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Author (up) Kvamme, J.-M.; Holmen, J.; Wilsgaard, T.; Florholmen, J.; Midthjell, K.; Jacobsen, B.K. url  doi
  Title Body mass index and mortality in elderly men and women: the Tromso and HUNT studies Type Journal Article
  Year 2012 Publication Journal of Epidemiology and Community Health Abbreviated Journal J Epidemiol Community Health  
  Volume 66 Issue 7 Pages 611-617  
  Keywords Aged; Aged, 80 and over; *Body Mass Index; Female; Humans; Male; Mortality/*trends; Norway/epidemiology; Proportional Hazards Models; Questionnaires; Registries  
  Abstract BACKGROUND: The impact of body mass index (BMI; kg/m(2)) and waist circumference (WC) on mortality in elderly individuals is controversial and previous research has largely focused on obesity. METHODS: With special attention to the lower BMI categories, associations between BMI and both total and cause-specific mortality were explored in 7604 men and 9107 women aged >/= 65 years who participated in the Tromso Study (1994-1995) or the North-Trondelag Health Study (1995-1997). A Cox proportional hazards model adjusted for age, marital status, education and smoking was used to estimate HRs for mortality in different BMI categories using the BMI range of 25-27.5 as a reference. The impact of each 2.5 kg/m(2) difference in BMI on mortality in individuals with BMI < 25.0 and BMI >/= 25.0 was also explored. Furthermore, the relations between WC and mortality were assessed. RESULTS: We identified 7474 deaths during a mean follow-up of 9.3 years. The lowest mortality was found in the BMI range 25-29.9 and 25-32.4 in men and women, respectively. Mortality was increased in all BMI categories below 25 and was moderately increased in obese individuals. U-shaped relationships were also found between WC and total mortality. About 40% of the excess mortality in the lower BMI range in men was explained by mortality from respiratory diseases. CONCLUSIONS: BMI below 25 in elderly men and women was associated with increased mortality. A modest increase in mortality was found with increasing BMI among obese men and women. Overweight individuals (BMI 25-29.9) had the lowest mortality.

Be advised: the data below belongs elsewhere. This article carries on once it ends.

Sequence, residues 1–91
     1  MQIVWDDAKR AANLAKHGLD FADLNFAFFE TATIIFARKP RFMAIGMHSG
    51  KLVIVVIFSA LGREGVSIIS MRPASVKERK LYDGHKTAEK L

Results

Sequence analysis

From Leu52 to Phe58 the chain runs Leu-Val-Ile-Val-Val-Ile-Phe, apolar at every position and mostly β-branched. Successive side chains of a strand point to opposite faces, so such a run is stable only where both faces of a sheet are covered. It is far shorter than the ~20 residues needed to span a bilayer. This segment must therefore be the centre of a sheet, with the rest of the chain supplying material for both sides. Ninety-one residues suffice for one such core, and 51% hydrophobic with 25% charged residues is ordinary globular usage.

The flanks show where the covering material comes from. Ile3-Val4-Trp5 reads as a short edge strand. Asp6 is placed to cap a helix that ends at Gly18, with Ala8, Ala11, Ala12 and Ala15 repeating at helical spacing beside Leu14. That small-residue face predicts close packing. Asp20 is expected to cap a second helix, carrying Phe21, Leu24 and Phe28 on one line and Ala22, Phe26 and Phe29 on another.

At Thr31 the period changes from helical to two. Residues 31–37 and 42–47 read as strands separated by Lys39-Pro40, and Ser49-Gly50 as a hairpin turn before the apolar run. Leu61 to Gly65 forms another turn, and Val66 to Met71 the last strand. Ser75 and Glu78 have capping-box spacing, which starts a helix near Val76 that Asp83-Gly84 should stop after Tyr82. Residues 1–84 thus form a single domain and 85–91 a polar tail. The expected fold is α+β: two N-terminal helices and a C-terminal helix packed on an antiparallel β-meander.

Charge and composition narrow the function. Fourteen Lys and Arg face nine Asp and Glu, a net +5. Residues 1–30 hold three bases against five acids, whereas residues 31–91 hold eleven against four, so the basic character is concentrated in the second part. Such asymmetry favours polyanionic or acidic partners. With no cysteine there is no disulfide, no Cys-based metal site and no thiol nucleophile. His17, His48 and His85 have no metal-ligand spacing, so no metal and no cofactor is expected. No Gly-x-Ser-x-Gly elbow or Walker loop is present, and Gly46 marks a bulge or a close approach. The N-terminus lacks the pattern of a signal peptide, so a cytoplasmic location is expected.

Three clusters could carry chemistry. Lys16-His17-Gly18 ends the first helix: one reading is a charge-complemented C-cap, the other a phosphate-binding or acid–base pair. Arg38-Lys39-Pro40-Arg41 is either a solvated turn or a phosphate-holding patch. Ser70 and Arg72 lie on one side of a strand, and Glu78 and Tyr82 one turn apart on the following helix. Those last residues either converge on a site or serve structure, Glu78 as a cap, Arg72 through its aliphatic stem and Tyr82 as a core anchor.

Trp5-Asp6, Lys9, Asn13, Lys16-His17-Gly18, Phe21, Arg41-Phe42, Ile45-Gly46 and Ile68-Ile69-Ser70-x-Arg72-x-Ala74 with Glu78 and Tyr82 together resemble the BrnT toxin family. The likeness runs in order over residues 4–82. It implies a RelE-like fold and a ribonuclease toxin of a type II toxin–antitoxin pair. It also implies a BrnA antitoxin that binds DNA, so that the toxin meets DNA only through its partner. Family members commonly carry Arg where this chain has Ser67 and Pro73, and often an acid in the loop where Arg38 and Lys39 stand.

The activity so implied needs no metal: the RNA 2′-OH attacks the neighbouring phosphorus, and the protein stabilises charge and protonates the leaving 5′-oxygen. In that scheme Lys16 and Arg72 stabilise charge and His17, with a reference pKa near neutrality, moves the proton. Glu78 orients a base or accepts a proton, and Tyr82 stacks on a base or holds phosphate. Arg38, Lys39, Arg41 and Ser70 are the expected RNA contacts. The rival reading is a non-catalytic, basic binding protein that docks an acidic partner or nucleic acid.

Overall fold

Address Department of Community Medicine, Faculty of Health Sciences, University of Tromso, N-9037 Tromso, Norway. jan-magnus.kvamme@uit.no  
  Corporate Author Thesis  
  Publisher Place of Publication Editor  
  Language English Summary Language Original Title  
  Series Editor Series Title Abbreviated Series Title  
  Series Volume Series Issue Edition  
  ISSN 0143-005X ISBN Medium  
  Area Expedition Conference  
  Notes PMID:21321065; PMC3368492 Approved no  
  Call Number HUNT @ maria.stuifbergen @ Serial 1537  
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